Fiction: “Beat the Reaper” by Josh Bazell

When I went to the library last week to pick up A Single Man, I did the thing I always do when I go to the library: pick up like, four other books that I cannot under any circumstances read in three weeks instead of the one title that I had actually reserved. But this actually worked well: I’d seen Beat the Reaper a few times at Border’s, and every time I pick the book up, read the back, and then put it down, thinking to myself, “I’ll get it later.” So this time, I got to read it, and for free!

I have got to start doing that more often. Maybe if I didn’t tend to rack up so much guilt on overdue fees …

Anyway. Beat the Reaper was awesome. It was the first book I’ve read in a while where, when I wasn’t reading the book, I was thinking about what was going on in the book. I can’t remember the last time that happened. Now, the preoccupation with the book wasn’t anything near the preoccupation I had when I first read The Beekeeper’s Apprentice, where I was totally reading the book while in the drive-thru at Starbucks, but Beat the Reaper is one of the better books I’ve read recently.

Dr. Peter Brown is doing rounds at one of the worst hospitals in Manhattan when he runs into an old … acquaintance, let’s call him: Eddie Squillante. With a name like that, you can guess about how Dr. Brown met Squillante. If you answered “in the mob,” you’d be correct.

Turns out, Dr. Peter Brown is actually the Witness Protection alias of Pietro Brnwa, a former hit man for the mob.

Without giving away the store: Squillante ‘makes’ Brnwa, and threatens to release that information upon the event of his death. Desperate to retain his new alias and life as a doctor, Brnwa must now find a way to keep Squillante alive following a gastrectomy – that’s removing the stomach, apparently (yeah, I had to look it up. I stopped watching Grey’s Anatomy three years ago), and on top of that, he also got accidentally stuck with a needle filled of biopsy sample, so he could also die without being hit by the mob.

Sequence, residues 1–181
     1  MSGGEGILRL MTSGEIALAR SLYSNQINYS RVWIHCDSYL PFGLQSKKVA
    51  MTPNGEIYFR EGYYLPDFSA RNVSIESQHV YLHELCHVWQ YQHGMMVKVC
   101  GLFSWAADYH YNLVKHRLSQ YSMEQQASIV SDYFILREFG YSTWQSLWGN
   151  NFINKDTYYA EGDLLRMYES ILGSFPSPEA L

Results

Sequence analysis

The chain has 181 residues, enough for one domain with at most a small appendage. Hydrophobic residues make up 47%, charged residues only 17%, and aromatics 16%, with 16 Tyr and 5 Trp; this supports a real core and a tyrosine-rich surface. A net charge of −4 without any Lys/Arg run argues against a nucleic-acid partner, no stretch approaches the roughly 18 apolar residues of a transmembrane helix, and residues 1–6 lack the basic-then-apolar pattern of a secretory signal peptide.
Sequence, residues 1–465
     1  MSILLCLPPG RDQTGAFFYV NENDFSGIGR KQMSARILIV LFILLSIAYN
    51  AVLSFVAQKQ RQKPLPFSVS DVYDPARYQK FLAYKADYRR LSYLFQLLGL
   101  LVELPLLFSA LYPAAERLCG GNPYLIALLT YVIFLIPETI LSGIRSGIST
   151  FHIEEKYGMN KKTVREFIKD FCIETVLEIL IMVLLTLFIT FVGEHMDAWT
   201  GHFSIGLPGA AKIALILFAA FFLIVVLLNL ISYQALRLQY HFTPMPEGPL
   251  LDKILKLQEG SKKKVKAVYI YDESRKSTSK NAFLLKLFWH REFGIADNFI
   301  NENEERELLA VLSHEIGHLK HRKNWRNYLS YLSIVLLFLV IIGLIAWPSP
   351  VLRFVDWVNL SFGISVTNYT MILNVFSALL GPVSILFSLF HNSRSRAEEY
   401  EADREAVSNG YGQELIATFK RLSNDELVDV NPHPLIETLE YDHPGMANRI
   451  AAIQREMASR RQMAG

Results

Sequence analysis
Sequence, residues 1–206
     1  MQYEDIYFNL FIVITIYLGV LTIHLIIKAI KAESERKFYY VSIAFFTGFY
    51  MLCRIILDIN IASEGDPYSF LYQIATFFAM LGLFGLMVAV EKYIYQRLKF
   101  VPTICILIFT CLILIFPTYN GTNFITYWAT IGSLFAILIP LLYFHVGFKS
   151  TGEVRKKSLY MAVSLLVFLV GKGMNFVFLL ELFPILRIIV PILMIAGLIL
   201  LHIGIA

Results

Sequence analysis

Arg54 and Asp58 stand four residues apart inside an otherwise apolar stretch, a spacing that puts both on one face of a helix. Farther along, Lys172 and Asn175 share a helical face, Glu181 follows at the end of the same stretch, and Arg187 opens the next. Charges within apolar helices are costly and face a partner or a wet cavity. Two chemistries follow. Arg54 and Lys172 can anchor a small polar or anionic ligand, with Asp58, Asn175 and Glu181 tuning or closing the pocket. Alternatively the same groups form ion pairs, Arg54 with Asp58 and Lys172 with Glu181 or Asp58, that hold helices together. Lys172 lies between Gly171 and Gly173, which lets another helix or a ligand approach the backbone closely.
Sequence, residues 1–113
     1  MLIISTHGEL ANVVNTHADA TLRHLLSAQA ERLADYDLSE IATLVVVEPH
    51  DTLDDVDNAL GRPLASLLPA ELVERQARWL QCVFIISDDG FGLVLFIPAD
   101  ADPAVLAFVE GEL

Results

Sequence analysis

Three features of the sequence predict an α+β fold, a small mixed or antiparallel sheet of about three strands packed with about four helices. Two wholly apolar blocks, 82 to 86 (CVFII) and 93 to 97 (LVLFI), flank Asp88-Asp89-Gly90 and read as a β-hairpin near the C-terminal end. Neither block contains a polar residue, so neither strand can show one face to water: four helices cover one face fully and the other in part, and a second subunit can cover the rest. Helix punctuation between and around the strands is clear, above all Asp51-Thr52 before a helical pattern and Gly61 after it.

The chapters rotate, so one chapter will be about the present, and the next chapter will be about the past: how Brnwa became a hitman, what motivated him, et cetera.

As I said, this was a great read. If I had been able to, I would have read it much faster than I did. But I kept falling asleep! (Like I am now, at two in the morning. *eyeroll*)

And now, the quotes!

On the tiebreaker, though, sharks win. Because while we humans have our minds and our ability to transmit the contents of them down through the generations, and sharks have their big ol’ teeth and the means to use them, sharks don’t appear to agonize about the situation. [28]

Reason this was funny: I totally started reading this during Shark Week. And my car is a shark. And I won a plastic shark for my car at Palace Playland. And sharks and sharks and more sharks and SHARKS ARE THE NEW LOST.

This quote makes me think that if Brnwa hadn’t gotten involved with the Mob (and lived in Boston), he’d be a Boondock Saint:

No female targets (which was obvious), but also no targets whose misdeeds were solely in the past. Only ongoing threats. I had no way of knowing why my grandparents had let —– live, but she was a woman, and killing her brother had been enough to shut down their operation. So there you had it.

Meanwhile, if David Locano wanted to sic me on killers whose deaths would improve the world, I would verify his information and then feel free — obligated, even — to hunt them down and kill them. [108]

U2 may be a great band, and may be one of my favorite bands, but it doesn’t keep them from being wrong on occasion:

… and shortly afterwards that U2 song comes on about how Martin Luther King was shot in the early morning of April fourth. Martin Luther King was shot in the evening, even if you’re on Dublin time, but the U2 greatest-hits album is something you learn to live with in medicine. [187]

Entire chunks of the corner of the wall we’d been kneeling against just evaporated, like in one of those movies where a time traveler changes something in the future and things start to vanish in the present. [204]

He gets that TIME TRAVEL SHOULD BE LIKE IN BACK TO THE FUTURE. I love him for that.

Finally, this book’s rating was raised from a 3.5 to a 4 just for the following:

Lainie’s foxy, but she’s married. Granted, to a man who looks twelve and wears a basketball jersey long enough to be a cocktail dress, but homey don’t play that. [44]

I mean, come on: what other book that I could possibly read (aside from something by Chuck Klosterman) would ever quote Homey D. Clown?

Grade for Beat the Reaper: 4 stars

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